Ozempic, a brand name version of the diabetes drug semaglutide, has recently exploded in popularity for its dramatic weight loss effects. However, this new “panacea” drug has also raised complex ethical questions about the future of the body positivity movement and equitable access to healthcare.
Ozempic’s Meteoric Rise
Originally approved in 2017 as a treatment for type 2 diabetes, Ozempic helps regulate blood sugar levels by mimicking the hormone GLP-1. However, doctors and patients soon realized that Ozempic had the side effect of significantly suppressing appetite and aiding weight loss.
In 2022 and 2023, celebrities and social media influencers raved about dramatic weight loss from taking Ozempic. Their glowing testimonials and before-and-after photos sparked intense interest in using the drug “off-label” for weight management.
By late 2023, demand had far outpaced supply, with some pharmacies reporting 10-month long waitlists for Ozempic. Desperate people turned to unregulated overseas pharmacies or dangerous “budget Ozempic” recipes on TikTok made from laxatives.
Concerns Raised Over Body Positivity and Access
The popularity of Ozempic raises complex questions about equitable access to life-changing drugs. Some ask whether it threatens progress made by the body positivity movement.
Critics argue Ozempic is another quick fix perpetuating unrealistic beauty standards, rather than addressing root causes influencing people’s weight like genetics, mental health, poverty and trauma.
Meanwhile the exorbitant cost (over $1000/month in the US) and supply shortages have restricted access for some of the people who medically need it most – type 2 diabetics. Rather than distributing Ozempic equitably, our healthcare system rewards the privileged and socially connected.
|Body Positivity Advocates
|Ozempic threatens to reverse progress on fat acceptance and unrealistic beauty standards imposed by society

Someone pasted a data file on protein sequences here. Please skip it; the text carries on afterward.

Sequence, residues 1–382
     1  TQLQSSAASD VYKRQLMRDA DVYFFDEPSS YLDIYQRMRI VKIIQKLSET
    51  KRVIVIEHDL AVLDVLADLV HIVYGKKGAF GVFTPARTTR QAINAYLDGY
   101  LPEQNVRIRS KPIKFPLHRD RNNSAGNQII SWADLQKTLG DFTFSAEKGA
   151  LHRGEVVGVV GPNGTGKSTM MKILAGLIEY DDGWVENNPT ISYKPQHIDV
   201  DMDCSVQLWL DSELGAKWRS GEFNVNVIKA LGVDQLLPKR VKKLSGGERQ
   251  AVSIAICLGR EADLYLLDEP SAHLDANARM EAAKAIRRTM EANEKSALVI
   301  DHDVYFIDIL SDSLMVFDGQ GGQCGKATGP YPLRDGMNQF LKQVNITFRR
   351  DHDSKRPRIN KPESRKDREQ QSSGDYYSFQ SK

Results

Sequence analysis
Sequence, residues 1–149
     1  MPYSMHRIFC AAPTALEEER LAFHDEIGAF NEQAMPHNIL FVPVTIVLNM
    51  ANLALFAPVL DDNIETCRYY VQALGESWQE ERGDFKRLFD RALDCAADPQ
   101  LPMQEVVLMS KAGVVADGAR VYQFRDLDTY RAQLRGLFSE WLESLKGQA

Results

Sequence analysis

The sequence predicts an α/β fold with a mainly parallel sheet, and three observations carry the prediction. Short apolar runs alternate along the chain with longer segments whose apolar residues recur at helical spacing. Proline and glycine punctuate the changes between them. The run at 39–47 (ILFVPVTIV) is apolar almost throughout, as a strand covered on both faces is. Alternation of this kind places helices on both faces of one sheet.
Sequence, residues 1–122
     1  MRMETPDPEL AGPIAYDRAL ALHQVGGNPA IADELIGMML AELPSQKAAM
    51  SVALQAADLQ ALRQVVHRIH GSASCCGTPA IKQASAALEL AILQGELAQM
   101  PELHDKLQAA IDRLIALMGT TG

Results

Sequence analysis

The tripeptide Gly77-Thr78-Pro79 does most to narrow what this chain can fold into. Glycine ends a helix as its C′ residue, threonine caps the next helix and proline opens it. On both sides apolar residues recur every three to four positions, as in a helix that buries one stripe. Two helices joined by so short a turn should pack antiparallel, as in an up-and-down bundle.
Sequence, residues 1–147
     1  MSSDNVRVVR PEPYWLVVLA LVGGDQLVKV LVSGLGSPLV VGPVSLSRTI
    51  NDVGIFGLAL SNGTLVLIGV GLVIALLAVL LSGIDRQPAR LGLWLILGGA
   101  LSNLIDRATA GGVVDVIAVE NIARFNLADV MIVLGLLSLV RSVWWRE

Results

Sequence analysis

|Supply shortages prevent equitable access to diabetics who need it most while rewarding the privileged
|Public Health Experts
|Focus should be on addressing root societal causes influencing weight like poverty, genetics and trauma
What Changes Does Ozempic Cause in the Body?
For those who have managed to access Ozempic, either medically or through off-label use, what changes can they expect in their body?
The most common effects of Ozempic are:
- Suppressed appetite and calorie intake
- Losing up to 15% of body weight over 6-12 months
- For some, reversal of type 2 diabetes
- Reduced stomach fat, smaller waistlines and slimmer face/fingers
However, there are also common side effects including nausea, vomiting, constipation, gas, acid reflux and gallstones. These often improve over time but lead some to quit the medication.
What Does the Future Hold?
It remains unclear whether the hype over semaglutide for weight loss is just another fad diet destined to fade, or the beginning of a new era in medical weight management.
On one hand, history cautions skepticism over promised panaceas. Many note that even on Ozempic, most people’s weight returns once they stop taking it if they don’t establish healthy lifestyle habits.
However, the simplicity of a weekly injection combined with Ozempic’s effectiveness has captivated the public imagination unlike any previous weight loss method. Competitor drugs from companies like Novo Nordisk and Eli Lilly are already in late stage clinical trials, aiming to take a piece of the multi-billion dollar market.
One thing does seem clear – our complex relationship with food, self-image and medical interventions for weight are issues that will continue sparking much needed debate on ethics and equitable access in healthcare.
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